As the world kept track of every little nugget of information on Britain's historic Pfizer vaccine rollout on Tuesday, a 91-year-old pensioner from London became the internet's collective favourite after he spoke about being late for his vaccine jab at the hospital due to not being able to find a place to park his vehicle.
Martin Kenyon, who became one of the first persons in the world to get a dose of the vaccine, gave an interview to CNN where he explained in detail how he was put on the list of the immunization programme after putting through a call to the hospital, the Daily Mail reported. Kenyon's matter-of-fact demeanour while explaining about the vaccine jab endeared him to the viewers as he spoke how the experience was painless as he didn't even realise when "the needle had gone in until it had come out."
Kenyon's interview with CNN anchor Cyril Vanier has now gone viral after he mentioned how he had a 'rather nasty lunch' before getting vaccinated. He also became internet's favourite granddad when he said he hoped he won't get the 'bloody bug' after this as "he has granddaughters and intended to live a long time to enjoy their lives."
Kenyon got his vaccine at the Guy's Hospital in Southwark, London and also spoke how he feels about being one of the first persons in the world to get the vaccine. He said he asked the hospital authorities about the way to go about it who put his name down in their list and told him to come down by 12:30pm. Kenyon then goes on to admit how he got a bit late for his vaccine because he "couldn't find anywhere to damn well park his car".
After that, Kenyon said the process was rather simple as after a 'nasty lunch', they gave him the vaccine. He also added nonchalantly how the jab didn't hurt at all and he didn't even realise the needle had gone in until it came out. He also goes on to correct the CNN anchor when he says that "we don't have too many vaccinations anymore, it is inoculations now".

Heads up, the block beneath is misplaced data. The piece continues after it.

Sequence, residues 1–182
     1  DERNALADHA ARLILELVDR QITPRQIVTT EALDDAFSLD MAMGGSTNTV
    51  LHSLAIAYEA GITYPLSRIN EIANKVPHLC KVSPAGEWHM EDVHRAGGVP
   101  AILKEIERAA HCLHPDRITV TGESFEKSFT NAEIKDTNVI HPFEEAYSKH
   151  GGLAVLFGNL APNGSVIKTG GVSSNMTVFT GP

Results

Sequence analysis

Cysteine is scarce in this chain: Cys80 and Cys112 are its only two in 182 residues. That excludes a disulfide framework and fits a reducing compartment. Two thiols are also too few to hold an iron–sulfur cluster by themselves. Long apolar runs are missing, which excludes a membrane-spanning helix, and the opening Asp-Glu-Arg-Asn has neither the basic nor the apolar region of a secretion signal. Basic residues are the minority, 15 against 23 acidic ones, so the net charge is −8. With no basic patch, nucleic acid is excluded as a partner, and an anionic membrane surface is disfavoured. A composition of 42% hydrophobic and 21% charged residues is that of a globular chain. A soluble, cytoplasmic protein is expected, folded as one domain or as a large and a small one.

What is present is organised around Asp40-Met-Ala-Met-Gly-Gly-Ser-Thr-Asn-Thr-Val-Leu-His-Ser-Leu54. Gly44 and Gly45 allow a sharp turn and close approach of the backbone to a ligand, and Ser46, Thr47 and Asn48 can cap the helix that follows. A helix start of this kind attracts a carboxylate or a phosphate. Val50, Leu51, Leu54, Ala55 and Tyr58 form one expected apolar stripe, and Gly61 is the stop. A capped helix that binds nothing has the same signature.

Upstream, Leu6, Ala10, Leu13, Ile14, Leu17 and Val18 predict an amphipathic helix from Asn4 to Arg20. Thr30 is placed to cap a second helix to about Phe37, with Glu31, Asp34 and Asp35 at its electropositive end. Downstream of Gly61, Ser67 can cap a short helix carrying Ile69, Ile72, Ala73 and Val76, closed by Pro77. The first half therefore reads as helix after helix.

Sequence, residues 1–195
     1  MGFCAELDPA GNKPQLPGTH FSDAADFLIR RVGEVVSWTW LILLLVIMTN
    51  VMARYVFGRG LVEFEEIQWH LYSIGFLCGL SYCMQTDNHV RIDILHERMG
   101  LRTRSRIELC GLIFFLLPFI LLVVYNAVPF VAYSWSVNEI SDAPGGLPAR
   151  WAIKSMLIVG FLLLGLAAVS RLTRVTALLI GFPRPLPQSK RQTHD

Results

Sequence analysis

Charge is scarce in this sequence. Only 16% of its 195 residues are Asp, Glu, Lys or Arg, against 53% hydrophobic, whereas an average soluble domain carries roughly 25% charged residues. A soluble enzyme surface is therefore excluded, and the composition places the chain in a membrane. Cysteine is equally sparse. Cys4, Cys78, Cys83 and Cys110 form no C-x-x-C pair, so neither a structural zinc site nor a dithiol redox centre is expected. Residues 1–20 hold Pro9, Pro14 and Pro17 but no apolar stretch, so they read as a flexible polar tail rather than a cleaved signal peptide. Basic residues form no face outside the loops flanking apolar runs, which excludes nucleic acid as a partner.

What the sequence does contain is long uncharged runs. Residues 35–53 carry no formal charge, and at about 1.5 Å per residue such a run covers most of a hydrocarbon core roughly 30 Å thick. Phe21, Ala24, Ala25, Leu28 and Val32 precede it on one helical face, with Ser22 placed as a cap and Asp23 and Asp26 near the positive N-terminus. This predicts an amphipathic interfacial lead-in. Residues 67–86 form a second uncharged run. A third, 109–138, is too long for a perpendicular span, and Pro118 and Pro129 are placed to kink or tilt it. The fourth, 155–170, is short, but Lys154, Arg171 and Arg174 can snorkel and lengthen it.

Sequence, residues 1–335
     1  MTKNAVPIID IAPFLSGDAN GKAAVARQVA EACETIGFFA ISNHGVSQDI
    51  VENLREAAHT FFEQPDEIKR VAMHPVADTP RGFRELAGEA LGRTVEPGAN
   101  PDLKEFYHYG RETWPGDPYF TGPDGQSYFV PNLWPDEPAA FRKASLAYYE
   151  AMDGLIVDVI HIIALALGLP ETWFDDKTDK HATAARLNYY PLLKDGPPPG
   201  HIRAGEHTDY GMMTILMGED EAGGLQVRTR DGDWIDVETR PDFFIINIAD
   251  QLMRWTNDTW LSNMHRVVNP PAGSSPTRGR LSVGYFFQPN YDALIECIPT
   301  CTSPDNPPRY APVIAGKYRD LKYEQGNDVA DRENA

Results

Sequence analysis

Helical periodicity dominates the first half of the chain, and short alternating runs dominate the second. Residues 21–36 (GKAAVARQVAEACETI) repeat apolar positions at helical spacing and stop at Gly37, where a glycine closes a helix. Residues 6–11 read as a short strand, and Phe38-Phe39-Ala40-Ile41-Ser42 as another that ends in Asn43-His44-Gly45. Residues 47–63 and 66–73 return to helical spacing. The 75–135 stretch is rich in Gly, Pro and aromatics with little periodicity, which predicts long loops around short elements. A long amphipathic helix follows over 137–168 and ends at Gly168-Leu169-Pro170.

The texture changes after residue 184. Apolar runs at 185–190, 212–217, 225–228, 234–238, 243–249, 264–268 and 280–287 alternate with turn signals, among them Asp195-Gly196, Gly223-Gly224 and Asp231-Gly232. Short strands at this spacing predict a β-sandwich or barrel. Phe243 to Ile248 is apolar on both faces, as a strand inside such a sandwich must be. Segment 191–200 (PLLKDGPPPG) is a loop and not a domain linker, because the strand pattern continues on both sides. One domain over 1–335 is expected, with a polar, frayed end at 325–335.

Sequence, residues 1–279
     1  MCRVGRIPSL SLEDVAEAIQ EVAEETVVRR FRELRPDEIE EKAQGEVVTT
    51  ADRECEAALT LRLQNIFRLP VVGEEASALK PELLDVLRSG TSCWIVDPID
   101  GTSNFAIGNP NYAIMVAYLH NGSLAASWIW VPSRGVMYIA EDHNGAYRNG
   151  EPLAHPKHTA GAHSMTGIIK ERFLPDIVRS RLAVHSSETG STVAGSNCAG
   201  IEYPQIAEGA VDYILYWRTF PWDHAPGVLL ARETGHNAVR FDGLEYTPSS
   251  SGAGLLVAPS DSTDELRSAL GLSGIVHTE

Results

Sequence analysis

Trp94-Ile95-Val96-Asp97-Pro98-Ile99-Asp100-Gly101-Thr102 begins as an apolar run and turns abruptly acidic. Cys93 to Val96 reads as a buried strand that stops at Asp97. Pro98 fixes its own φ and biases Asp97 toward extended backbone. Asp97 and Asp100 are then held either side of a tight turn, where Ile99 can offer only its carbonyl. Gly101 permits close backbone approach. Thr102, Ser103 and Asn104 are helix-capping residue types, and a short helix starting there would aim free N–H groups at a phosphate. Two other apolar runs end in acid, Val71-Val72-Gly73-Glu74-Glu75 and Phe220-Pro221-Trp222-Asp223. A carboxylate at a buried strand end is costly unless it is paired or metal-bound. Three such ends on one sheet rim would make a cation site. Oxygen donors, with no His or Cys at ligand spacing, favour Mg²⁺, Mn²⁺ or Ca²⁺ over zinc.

Kenyon also wished to hug his grandkids over Christmas and he hoped the vaccination news would be a big surprise for his family who did not yet know about it.
Kenyon zest for living his life was hailed by the netizens after he said, "I don’t intend to have it [coronavirus]. Well, there’s no point in dying when I’ve lived this long is there. I don’t plan to, anyway."
What a charming man. At 91 drove himself to the hospital in London, arranged to get the vaccination, had a “nasty lunch”, got innoculated, received a card as proof, and has no intention of dying now. Yes, interview wins the day.❤️ — Vote, Organize, Do Good🐥 (@MelissaHBuckner) December 8, 2020
You can’t help but smile for him. To think there are people out there saying “sacrifice the weak”. Did that man look weak to you? He’s full of life and loves his family. Why on earth should he die because of the people who deny science and facts? I hope he lives to 110! — GA Garcia (@imagine1969) December 8, 2020
I love how this guy is like "i had a nasty lunch" — Hamza Shaban (@hshaban) December 8, 2020
Had a hard time finding a place to park his car. LMAO! He’s still driving! In freakin’ London! What a treasure he is! — Eblisster (@ErinBliss12) December 8, 2020
“There’s no point in dying now when I’ve lived this long.” Martin, 91 — MS Fisher (@Iwillnotfall) December 8, 2020
While Margaret Keenan, a 90-year-old grandmother became the first person in the world to receive the vaccine outside of a trial, following her to get his jab of the coveted vaccine was 81-year-old William Shakespeare.
Britain's Medicines and Healthcare products Regulatory Agency (MHRA) granted emergency use approval to the Pfizer-BioNTech vaccine, which they say is 95% effective in preventing illness, in record time - just 23 days since Pfizer published the first data from its final stage clinical trial. Those over-80, care home workers and at-risk health and social care staff have been put in line first for the new vaccine. Initially 800,000 doses are being given in the upcoming days and Health Secretary Matt Hancock has promised millions before Christmas.